MS SAMANTHA Tai might be young, but the bubbly executive financial consultant has strong ambitions.
"In five years' time, I hope to be in senior management. I want to build my own team of like-minded individuals who will work to change the perception of the insurance industry," she says.
The 24-year-old National University of Singapore (NUS) graduate says that some people still regard an insurance job as a sales-based one.
She hopes to change this view as she believes that insurance is "a fundamental building block to a holistic financial plan".
The bachelorette joined Great Eastern's internship programme during her third year of university in 2014 before she decided to become a financial consultant.
She says: "I cherish the trust that my friends and clients have given me. The relationships I have built are a fulfilling part of the job.
"When they tell me that I am reliable and they feel their money is safe with me, that is a great affirmation. It's also gratifying to provide them with greater peace of mind and a safety net for life's unexpected turns."
Besides the meaningful relationships that she is able to form through her job, she says it also gives her a decent income. Even as a full-time student, she was earning as much as what a typical fresh graduate would make. This helped her to pay her university fees.
Though she has been in the industry for only three years, she says Great Eastern has given her the proper foundation and training to serve her clients. She started with about 25 to 30 clients, but now has more than 300 customers.
The company has its own training facility in the Central Business District called the Centre for Excellence, where regular enrichment workshops and sales and product training are conducted.
"I just attended a training session on speaking and how to better present myself," says Ms Tai.
"Great Eastern offers a variety of courses so we can constantly develop our skills."
She says the company also ensures that it is up to date with technology. There used to be a lot of paper work but with everything now digitised, the administrative aspects of her work have become more convenient. She just needs her laptop instead of a stack of forms when meeting clients.
She believes that to be a good financial consultant, one needs self-discipline to manage one's time, as well as the tenacity and perseverance to face rejection.
"The job requires a lot of self- motivation. There are infinite possibilities at Great Eastern. The harder you work, the further you can go," she says.
Executive financial consultant Ang Jin Hui works seven days a week, but enjoys a flexible schedule. In fact, he does not consider most of what he does to be work.
The 30-year-old bachelor has about five appointments a day but every day is different. His meetings could be early or late, with some held over breakfast or even supper.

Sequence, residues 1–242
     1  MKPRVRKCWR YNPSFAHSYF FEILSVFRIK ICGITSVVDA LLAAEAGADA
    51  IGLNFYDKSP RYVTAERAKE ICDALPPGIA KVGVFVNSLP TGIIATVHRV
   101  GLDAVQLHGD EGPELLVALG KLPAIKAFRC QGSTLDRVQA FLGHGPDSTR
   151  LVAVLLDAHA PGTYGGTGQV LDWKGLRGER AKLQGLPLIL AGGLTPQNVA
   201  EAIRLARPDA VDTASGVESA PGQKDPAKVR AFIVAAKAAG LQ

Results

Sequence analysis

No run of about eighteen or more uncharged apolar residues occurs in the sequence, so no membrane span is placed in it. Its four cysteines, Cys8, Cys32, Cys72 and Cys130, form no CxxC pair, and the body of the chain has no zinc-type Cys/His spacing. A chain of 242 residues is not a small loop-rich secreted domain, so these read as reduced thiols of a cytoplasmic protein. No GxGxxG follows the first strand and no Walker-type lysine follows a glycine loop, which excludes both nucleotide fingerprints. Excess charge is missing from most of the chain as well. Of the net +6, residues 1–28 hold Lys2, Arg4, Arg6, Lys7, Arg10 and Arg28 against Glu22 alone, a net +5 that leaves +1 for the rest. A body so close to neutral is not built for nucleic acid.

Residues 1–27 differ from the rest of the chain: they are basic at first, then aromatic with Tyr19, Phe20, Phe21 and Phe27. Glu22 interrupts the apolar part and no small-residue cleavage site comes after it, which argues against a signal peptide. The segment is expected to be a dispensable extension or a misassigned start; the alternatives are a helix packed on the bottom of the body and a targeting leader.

He feels that his work goes beyond selling insurance. When his clients share their priorities, financial needs and goals with him, their relationship changes over time.
From a working relationship that initially focuses on wealth management and retirement advice, it can develop into a lasting friendship. He appreciates invitations to his clients' homes for dinners and celebrations, and feels like a family member.
Though most of his time is spent meeting clients, the NUS graduate swims or runs for about two hours twice a week. He also finds time in the afternoon to watch a movie or read a book in a café, as well as study for financial exams to upgrade his skills.
Mr Ang, who has a graduate certificate in management science and engineering from Stanford Univer- sity, joined Great Eastern as he was interested in private wealth management and entrepreneurship.
"At Great Eastern, I have the opportunity to build up my own team of financial consultants, which is similar to starting my own company," he says.
He joined the company in July last year but has already started managing a team of four financial advisers.
Although he has received job offers from other banks and insurance companies, he wants to develop his career at Great Eastern as he feels it is a home-grown company that delivers on its promises.
He notes that the well-established company, which will celebrate its 110th anniversary next year, is part of the Oversea-Chinese Banking Corporation (OCBC) group. Great Eastern is the only insurance company in Singapore that is a subsidiary of a bank.
The most rewarding aspect about his job is that it allows him to give back to society.
For instance, he found it meaningful to offer financial advice to a 28-year-old single mother who did not know about plans that could help support her nine-year-old daughter's future education, even with her low income.
"I helped her set up a plan so that she can save for her daughter's junior college and university fees," he says.
"She thanked me because she had not thought about it. That's all part of what makes the job worthwhile."